Walking With Our Sisters While Standing With Our Daughters

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My Auntie called me today leaving a voicemail, Helen call me back when you get this.
Auntie never calls. Auntie never leaves voicemails.
I called her back in the grocery line up wondering what could be happening that would warrant this.
“I have to work out some things. There’s something I want you to write about..” she says.
I know that this is leading to a deeper and harder conversation. Auntie has never requested that I write about something either.
I brace myself as the man in front of me moves his grocery cart forward and I scoot up a few inches.
The Walking With Our Sisters Exhibit has been in Taylor, B.C. for the past week. The beaded vamps are a testament of loss but also an amazing tangible example of the love that we have for our sisters and our Indigenous women. One who does any kind of beadwork can see the vamps and understand the thousands and thousands of hours of love that were put into these pieces to honour their missing and murdered loved ones.
I have been helping out off and on for the past week for a few hours here and there. I weaved in and out of my own process while being there. I wasn’t going to write about it as I am not an official part of the process but wanted to be able to help out yet my own emotions have been a rollercoaster this past week.
Auntie said that she took her youngest daughter to see it yesterday, her daughter, my cousin, is 13 years old.
“I went back and forth with taking her to see it. I didn’t know if I should but I always warn her about the dangers out there and the things that can happen and she always thinks I’m making stuff up. So I wanted to take her to show her that it isn’t just me, but that it is a reality we live in,” Auntie explained.
After we walked through it my daughter looked at me and said:”
I don’t think anything will happen to me but if something does happen to me, I want you to bead me a pair with bear paws on them.
Auntie starts to cry. I begin to fan the tears in my eyes as I stand in line at the grocery store. I take a deep breath as if to create space for the volume of this story. To create space for the oversized realities we as Indigenous women are faced with. To create space to feel and release the pain of little girls fathoming their death based on their ethnicity. To create space for the stories that we have to untangle and smooth out so that we can see ourselves again amongst this mess we are handed.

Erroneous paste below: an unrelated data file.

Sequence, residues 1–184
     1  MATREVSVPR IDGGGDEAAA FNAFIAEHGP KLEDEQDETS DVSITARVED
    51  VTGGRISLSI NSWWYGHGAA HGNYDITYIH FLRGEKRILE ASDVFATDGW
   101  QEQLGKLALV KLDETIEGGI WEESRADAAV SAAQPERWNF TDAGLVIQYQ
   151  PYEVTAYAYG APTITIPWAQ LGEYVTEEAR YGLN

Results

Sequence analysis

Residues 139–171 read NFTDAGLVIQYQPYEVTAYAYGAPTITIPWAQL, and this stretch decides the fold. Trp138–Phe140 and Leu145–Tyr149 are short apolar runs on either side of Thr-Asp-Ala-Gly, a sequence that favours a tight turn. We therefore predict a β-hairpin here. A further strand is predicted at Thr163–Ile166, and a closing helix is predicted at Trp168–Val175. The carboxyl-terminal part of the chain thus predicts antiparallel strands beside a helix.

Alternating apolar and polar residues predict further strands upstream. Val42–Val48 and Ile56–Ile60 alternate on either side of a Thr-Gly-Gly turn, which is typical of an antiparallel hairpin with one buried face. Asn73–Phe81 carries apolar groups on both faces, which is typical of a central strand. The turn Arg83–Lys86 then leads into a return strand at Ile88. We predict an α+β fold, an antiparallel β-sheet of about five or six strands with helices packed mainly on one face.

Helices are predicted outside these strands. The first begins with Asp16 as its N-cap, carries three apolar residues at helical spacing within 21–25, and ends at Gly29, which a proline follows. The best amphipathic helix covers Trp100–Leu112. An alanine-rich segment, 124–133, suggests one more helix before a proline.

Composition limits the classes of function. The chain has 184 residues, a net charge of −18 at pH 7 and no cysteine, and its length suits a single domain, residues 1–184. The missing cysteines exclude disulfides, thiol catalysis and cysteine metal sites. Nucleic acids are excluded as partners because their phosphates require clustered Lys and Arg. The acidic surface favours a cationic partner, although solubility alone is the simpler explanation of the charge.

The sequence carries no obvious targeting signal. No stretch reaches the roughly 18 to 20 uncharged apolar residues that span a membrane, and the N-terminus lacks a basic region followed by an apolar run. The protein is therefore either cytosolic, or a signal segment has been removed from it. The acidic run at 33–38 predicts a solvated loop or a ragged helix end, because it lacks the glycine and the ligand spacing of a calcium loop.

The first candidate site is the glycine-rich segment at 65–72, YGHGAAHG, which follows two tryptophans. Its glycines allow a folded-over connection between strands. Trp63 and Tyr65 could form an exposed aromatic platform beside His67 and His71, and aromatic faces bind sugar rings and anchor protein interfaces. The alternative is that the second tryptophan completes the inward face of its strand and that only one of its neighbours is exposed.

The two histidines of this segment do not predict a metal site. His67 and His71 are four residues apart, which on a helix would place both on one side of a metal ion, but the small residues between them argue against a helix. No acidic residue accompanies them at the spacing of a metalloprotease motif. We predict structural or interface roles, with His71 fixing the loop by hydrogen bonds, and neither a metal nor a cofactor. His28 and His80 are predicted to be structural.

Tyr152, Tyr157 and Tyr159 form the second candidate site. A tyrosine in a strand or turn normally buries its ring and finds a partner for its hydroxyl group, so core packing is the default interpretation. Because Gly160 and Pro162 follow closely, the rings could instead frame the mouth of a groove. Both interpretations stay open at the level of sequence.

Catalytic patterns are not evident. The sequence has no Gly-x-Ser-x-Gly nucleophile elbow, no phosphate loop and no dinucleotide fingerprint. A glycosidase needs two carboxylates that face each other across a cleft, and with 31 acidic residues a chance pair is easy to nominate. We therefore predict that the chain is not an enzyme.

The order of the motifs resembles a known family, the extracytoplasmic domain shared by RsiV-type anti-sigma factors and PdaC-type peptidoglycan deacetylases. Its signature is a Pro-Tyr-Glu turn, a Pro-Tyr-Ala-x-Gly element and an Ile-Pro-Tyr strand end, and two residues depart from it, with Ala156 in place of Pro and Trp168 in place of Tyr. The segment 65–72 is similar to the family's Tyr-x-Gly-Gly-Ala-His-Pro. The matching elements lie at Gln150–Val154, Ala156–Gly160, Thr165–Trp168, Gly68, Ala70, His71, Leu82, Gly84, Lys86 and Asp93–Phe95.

“I had to wonder Helen, with all of these White mothers or young White girls that come through here. Do they have to have conversations with their daughters afterwards like this? Where their babies are forced to understand that the world is not the safest place for them? Do they just get to move through it and nothing changes for them? I don’t know if I did wrong by taking her through there,” she says breaking the words up with tears.
“Oh Auntie,” I say, my voice cracking.
A deep breath. More space. Auntie is doing the work that many other Indigenous mothers are having to do all across Turtle Island. Trying to balance giving their daughters the freedom of being unencumbered by violent colonial realities so that they can live their lives but also trying to keep them safe with real world knowledge so that they can simply live.
There are no answers here. I have no answers in these spaces. I can only listen and be reminded why we do the work that we do out here to change things at community, regional, and national levels. We do it for the little girls. We do it for our daughters, our cousins, our nieces, our granddaughters, and for the little girls that we haven’t been entrusted with yet.

We have to do better. We have to keep demanding more. We have to continue to fiercely love and protect our own.
There is work to do still my sisters & brothers.
Keep heart.


In Spirit

Helen K

PS – I don’t have daughters yet, but I hope to one day have one.


(Photo Cred: Unknown but thank you)

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